Historic Olde Pink House
Restaurant and Tavern
23 Abercorn Street
James Habersham House
Savannah's Olde Pink House was so named for the beautiful shade of "pink" stucco, which covers its old brick. This Georgian mansion was built in 1789 for James Habersham Jr., one of Savannah's most important early cotton factors and founding-family members. The lot was originally a land grant from the British Crown. The building is a fine example of colonial architecture, and one of the few buildings to survive the fire of 1796. Of particular interest is the Greek portico with a beautiful Palladian window above. The fanlight over the front door is one of the oldest in Georgia. The interior features a lovely but simple Georgian stairway.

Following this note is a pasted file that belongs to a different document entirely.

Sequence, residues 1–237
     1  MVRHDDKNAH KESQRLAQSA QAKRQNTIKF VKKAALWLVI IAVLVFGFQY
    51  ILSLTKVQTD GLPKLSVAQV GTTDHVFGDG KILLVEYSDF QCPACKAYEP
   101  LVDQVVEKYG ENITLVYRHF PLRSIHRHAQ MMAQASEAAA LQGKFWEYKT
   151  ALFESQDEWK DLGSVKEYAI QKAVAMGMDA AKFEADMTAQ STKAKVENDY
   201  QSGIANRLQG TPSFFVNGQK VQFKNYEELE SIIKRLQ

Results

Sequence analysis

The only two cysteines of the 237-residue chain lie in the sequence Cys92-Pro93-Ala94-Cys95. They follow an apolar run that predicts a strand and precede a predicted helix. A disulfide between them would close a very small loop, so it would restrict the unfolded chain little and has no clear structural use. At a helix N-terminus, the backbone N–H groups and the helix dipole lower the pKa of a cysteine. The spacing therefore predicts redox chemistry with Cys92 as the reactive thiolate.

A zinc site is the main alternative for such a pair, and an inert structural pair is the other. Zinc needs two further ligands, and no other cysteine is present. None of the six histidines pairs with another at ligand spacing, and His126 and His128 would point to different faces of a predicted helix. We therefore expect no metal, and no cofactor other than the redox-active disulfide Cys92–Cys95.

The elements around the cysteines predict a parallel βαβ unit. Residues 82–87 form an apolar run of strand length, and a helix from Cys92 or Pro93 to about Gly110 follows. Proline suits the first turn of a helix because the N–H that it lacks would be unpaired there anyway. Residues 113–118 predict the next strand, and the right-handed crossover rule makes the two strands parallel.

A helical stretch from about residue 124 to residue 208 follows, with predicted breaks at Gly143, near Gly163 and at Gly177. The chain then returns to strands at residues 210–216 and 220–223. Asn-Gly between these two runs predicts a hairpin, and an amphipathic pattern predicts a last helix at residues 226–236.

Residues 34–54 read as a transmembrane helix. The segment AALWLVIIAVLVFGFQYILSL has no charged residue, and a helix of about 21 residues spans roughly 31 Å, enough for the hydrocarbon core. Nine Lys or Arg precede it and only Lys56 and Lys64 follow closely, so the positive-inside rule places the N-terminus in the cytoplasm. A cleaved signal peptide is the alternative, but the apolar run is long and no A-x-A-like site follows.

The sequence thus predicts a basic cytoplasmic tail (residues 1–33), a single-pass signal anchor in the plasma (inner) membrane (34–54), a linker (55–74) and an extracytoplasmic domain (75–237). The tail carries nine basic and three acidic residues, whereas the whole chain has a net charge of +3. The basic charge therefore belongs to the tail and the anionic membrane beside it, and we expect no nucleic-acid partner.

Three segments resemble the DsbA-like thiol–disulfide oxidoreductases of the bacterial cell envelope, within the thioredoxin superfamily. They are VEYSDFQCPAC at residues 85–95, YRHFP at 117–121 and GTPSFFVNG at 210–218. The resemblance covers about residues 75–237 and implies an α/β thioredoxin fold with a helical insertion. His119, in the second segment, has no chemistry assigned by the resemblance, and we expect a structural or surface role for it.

The Bolton family, sister and brother-in law of architect William Jay, occupied the house from 1804 to 1812. Between 1812 and 1865, the house was home to the Planter's Bank and First Bank of Georgia. It also served as headquarters for Union General Zebulon York in 1865. One of the early restorations, it is now home to an elegant restaurant and cellar tavern beneath. The restaurant is well known for their romantic dinners.
The Olde Pink House is popular destination for Savannah ghost hunters. Patrons of this restaurant and tavern claim to have found themselves in conversation with James Habersham Jr., who supposedly hanged himself in the basement in 1799. It is said that his restless spirit frequently wanders around his old home on quiet Sunday afternoons.
For more information: (912) 232-4286
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